Seven outdoors books to fill your soul

The Emerald Mile: The Epic Story of the Fastest Ride in History Through the Heart of the Grand Canyon by Kevin Fedarko

This is a thrilling true story of the fastest boat ride down the Colorado River and through the Grand Canyon, during the historic flood of 1983. As federal officials work anxiously to avoid severe dam failure after the largest El Niño event on record, a trio of river guides take the event as an opportunity to attempt a speedy race across 277 miles of whitewater. Though forbidden to do so, they launched their hand-built wooden boat into the river, just below the Glen Canyon Dam’s base, surrendering to the natural world. Written with passion and grit, The Emerald Mile takes its readers on an epic ride — literally.

Silent Spring by Rachel Carson

Called a “controversial environmental classic,” Silent Spring is credited for spurring revolutionary changes in laws during the 1960s that affect air, water and land. Carson writes with zeal and sincere concern for the planet’s future, telling true stories of how DDT damaged wildlife, bees, pets and agriculture in numerous communities.

A Sand County Almanac: And Sketches Here and There by Aldo Leopold

Regarded as some of the best nature writing in history, A Sound County Almanac is composed with immeasurable passion for the natural world. With memoir-style stories that span a 40-year time period, the book includes recollections of time spent in rugged areas of Wisconsin, Iowa, Oregon and beyond. Throughout the book, the author confronts philosophical ideas related to wildlife conservation. A local twist? Leopold is a key figure in New Mexico; he founded the Wilderness Society and started the state’s first wilderness area, Gila National Forest.

The Last Unicorn: A Search for one of Earth’s Rarest Creatures by William deBuys

Is it a saola or a mythical unicorn? This endangered animal in Southeast Asia’s Laos seems kindred, both in spirit and appearance, to the fabled unicorn. The Last Unicorn dives into the joys and sorrows of discovery, as a team of scientists in 1992 find remains of an unusual animal with long horns — the first large land mammal discovered in 50 years. Detailing treks along treacherous terrain into central Laos’ remote landscapes, the book reveals the commitment to one’s expedition.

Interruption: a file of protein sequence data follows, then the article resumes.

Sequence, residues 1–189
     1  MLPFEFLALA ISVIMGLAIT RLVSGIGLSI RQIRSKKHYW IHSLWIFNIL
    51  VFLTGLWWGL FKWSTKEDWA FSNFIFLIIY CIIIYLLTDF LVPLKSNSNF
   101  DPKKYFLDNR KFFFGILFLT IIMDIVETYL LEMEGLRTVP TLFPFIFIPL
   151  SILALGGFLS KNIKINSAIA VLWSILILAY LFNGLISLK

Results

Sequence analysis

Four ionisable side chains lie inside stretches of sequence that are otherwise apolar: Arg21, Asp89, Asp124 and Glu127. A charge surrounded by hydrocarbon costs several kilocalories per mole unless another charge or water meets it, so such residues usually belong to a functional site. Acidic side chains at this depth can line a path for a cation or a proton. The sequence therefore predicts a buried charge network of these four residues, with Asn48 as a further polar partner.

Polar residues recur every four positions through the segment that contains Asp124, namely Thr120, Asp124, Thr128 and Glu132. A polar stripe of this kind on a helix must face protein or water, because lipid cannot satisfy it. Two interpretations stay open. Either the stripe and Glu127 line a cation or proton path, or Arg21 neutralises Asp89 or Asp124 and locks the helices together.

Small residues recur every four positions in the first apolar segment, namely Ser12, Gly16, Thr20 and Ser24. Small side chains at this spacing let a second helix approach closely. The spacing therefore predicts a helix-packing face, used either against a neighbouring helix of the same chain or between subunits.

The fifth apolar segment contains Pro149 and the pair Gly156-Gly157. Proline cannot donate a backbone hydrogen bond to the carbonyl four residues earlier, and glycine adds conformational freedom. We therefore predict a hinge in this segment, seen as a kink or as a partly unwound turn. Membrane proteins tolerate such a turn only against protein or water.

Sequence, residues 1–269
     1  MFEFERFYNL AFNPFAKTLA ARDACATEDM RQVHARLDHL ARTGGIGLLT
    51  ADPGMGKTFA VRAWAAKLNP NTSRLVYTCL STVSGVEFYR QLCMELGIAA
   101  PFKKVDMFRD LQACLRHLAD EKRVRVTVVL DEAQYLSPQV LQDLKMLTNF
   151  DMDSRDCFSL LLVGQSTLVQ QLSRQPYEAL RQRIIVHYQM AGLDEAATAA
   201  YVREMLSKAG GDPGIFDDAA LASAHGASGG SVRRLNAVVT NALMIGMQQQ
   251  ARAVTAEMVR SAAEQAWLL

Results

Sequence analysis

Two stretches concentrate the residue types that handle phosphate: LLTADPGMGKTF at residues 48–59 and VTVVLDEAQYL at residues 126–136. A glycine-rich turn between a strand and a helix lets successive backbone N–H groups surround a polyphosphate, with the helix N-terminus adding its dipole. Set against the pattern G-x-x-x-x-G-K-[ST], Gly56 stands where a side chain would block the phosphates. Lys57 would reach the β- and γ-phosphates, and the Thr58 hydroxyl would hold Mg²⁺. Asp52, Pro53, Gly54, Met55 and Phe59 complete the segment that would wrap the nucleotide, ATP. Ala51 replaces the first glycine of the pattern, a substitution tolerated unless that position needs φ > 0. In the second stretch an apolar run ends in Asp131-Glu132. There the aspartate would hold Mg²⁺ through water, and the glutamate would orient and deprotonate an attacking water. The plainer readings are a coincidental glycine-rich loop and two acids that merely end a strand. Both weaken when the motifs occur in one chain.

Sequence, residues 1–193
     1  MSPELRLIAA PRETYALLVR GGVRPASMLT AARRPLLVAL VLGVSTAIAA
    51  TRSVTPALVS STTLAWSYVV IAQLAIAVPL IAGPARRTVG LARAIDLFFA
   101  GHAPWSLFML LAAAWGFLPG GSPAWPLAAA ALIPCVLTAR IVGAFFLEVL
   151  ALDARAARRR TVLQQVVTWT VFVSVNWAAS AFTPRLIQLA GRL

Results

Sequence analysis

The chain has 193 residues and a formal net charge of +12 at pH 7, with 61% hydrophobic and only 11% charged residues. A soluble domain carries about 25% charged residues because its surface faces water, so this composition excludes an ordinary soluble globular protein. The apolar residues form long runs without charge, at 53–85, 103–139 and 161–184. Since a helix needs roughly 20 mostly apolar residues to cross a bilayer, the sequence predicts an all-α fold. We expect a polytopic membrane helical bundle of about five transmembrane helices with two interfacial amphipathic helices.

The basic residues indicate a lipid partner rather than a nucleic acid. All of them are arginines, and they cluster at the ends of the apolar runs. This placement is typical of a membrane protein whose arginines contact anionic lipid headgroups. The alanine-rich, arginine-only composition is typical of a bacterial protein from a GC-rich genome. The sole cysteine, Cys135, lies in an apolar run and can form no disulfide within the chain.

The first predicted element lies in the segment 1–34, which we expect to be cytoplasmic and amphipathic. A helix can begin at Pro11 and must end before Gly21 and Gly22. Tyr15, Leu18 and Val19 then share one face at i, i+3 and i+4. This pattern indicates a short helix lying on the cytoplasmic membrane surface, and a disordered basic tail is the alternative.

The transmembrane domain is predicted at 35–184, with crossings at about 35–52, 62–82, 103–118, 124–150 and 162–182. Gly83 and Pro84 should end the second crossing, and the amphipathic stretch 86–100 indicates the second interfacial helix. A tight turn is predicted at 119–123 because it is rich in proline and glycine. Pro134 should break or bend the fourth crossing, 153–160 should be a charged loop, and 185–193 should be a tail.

Desert Solitaire by Edward Abbey

This classic follows Abbey’s work as a park ranger at Utah’s Arches National Monument for three seasons. Abbey, in search of a raw experience with nature in its purest form, reflects on the the area’s remaining wild landscapes, at a time when industrialization and development continue to move at rapid speed.

Fire Season: Field Notes from a Wilderness Lookout by Philip Connors

In this memoir, Connors writes about the time he worked alone with his dog in one of the nation’s last fire lookouts in the Gila Wilderness. As the former Wall Street Journal editor attends to his new job, he wrestles with feelings of isolation and purpose, as well as the mixed emotions that come with the responsibility to protect a wide stretch of fire-prone land. This book is sure to give all readers a heightened appreciation for New Mexico’s wild, sometimes unforgiving landscapes.

If Mountains Die by John Nichols

Compiled from a series of essays, Taos’ Nichols pulls readers into the heart of Northern New Mexico. Often poetic and sometimes funny, his writing reveals how one’s life can be transformed by days spent in an adobe farmhouse with access to untouched spaces. With tales of trout fishing along primitive waterways, Nichols details difficulties of managing irrigation systems and the consequences human life has on Earth.

Olivia Harlow